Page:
For example, even if the idea of buying an elephant’s painting might be quite attractive and the camp’s staff will try to convince you that the elephant naturally started drawing on the ground at a young age and they simply decided to follow his instinct teaching him how to use a paintbrush, the truth is that the process involves a hook and months, if not years, of boring repetition of the same movement for several hours every day until the elephant will be able to replicate under command or by themself a fixed order of movements that will result in a cute drawing. This monotonous and forced pefomance causes high level of stress in the animal, exactly the same thing that would happen to a person forced to repeat the same meaningless action hundreds of time every day for every day of his life; people go crazy in that situation and animals too.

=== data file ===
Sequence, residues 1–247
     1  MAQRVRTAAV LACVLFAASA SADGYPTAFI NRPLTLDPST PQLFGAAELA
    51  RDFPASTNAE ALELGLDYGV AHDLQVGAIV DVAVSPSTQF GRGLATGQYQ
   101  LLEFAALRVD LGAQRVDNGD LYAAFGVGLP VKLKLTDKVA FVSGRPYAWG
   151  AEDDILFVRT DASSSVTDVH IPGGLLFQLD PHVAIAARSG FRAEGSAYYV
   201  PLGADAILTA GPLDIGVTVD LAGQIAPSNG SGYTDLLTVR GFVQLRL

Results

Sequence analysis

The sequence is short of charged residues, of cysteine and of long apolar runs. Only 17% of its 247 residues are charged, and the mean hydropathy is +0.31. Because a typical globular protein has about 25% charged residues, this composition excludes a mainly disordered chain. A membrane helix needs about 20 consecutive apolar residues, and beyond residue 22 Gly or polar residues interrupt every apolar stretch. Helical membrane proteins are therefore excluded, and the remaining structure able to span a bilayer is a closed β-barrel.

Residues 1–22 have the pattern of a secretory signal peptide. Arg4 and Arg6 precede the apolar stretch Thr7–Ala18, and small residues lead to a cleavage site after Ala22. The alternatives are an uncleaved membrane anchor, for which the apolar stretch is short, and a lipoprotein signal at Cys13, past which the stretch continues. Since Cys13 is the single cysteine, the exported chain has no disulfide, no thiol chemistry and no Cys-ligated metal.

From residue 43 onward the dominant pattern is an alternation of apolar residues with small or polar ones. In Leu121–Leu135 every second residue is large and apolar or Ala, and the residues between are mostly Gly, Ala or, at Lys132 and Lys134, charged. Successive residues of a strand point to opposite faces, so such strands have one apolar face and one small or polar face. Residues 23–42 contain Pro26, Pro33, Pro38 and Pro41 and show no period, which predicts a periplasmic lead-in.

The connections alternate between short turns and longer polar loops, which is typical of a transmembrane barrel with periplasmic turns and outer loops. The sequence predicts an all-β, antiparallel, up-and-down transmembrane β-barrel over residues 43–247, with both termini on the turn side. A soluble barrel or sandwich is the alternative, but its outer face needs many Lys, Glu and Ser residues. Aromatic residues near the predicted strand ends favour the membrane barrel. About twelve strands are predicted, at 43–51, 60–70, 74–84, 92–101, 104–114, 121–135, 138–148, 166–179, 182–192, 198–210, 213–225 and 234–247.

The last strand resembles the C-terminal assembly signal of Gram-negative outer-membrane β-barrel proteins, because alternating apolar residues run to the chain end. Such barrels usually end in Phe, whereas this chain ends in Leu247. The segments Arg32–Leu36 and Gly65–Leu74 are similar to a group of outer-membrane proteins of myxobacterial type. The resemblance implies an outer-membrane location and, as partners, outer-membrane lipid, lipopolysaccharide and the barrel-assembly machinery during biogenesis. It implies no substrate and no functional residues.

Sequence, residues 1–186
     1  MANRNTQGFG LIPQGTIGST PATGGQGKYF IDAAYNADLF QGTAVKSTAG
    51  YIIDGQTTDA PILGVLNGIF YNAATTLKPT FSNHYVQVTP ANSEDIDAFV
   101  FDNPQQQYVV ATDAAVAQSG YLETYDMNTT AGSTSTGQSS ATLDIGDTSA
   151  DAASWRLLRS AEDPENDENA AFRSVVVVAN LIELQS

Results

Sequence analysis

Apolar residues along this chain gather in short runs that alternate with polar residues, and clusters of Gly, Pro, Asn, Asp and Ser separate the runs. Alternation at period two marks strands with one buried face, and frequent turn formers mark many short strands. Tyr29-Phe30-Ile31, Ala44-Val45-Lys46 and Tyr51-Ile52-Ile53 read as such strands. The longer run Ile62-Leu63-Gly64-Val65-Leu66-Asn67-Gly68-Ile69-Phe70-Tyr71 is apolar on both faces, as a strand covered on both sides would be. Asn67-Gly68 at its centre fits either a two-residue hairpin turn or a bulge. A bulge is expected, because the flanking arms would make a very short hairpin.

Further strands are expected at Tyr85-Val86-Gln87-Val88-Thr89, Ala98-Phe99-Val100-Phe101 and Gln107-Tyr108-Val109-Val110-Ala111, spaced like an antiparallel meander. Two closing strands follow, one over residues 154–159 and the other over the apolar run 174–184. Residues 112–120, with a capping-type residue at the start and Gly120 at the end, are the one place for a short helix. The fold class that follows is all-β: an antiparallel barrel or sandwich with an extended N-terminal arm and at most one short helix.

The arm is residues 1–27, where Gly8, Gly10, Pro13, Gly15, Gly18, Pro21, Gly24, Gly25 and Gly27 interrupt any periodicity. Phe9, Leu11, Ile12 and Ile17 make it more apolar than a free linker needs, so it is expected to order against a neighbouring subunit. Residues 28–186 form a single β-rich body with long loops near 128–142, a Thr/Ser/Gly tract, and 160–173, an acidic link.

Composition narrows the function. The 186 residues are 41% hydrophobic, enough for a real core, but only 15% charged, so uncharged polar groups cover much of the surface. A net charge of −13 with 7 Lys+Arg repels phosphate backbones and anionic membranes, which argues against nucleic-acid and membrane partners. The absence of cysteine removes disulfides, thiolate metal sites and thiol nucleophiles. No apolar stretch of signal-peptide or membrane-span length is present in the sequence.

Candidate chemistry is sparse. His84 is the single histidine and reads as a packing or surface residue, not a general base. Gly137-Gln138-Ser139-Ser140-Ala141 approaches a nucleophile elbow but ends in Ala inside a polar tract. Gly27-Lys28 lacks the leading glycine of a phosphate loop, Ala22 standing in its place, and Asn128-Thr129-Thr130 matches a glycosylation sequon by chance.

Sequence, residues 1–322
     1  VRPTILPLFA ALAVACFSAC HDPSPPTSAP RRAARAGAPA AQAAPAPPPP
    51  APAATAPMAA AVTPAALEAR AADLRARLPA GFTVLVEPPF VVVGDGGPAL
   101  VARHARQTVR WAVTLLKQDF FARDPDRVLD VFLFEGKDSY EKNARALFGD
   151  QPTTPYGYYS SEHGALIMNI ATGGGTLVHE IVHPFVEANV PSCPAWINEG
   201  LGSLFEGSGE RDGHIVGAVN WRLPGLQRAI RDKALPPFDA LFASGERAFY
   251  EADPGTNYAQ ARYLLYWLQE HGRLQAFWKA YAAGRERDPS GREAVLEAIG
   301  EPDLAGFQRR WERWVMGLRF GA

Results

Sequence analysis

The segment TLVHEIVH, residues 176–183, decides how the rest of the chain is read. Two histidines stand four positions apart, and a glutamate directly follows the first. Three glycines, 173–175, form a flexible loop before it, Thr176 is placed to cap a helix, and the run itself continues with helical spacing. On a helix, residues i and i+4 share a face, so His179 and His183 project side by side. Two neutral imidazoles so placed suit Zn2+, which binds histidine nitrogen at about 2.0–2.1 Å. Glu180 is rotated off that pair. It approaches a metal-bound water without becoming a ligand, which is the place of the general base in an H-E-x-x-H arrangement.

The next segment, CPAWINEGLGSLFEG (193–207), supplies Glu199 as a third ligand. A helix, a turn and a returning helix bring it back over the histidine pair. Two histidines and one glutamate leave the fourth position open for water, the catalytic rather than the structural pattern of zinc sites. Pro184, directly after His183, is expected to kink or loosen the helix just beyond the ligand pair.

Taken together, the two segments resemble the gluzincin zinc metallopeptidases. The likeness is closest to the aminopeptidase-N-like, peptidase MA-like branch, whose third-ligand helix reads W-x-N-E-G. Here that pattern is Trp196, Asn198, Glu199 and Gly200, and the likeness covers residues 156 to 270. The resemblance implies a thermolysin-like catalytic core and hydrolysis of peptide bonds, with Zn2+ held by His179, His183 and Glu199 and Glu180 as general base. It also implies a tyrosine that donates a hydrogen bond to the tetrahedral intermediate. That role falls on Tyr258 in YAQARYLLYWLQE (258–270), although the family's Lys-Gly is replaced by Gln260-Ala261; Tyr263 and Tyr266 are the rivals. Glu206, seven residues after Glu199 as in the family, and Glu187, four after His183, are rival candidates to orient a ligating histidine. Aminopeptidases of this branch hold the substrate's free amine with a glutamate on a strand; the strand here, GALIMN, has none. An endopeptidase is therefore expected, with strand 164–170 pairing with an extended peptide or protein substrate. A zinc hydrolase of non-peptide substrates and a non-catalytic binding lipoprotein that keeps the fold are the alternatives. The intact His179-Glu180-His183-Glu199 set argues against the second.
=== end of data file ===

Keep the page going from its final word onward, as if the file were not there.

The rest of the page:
It’s true that for this particular activity, very few facility have started to utilize positive reinforcement in the training process, rewarding the elephant with treats when it performs well rather than punishing him when it doesn’t, but still the vision of an elephant with a paintbrush is something that to us is incredibly disrespectful of the animal’s nature. We totally understand the need of any facility to make money in order to provide the best possible life to the animals they’re looking after, but there are definitely better and more natural ways to do it.

But they do love water, don’t they?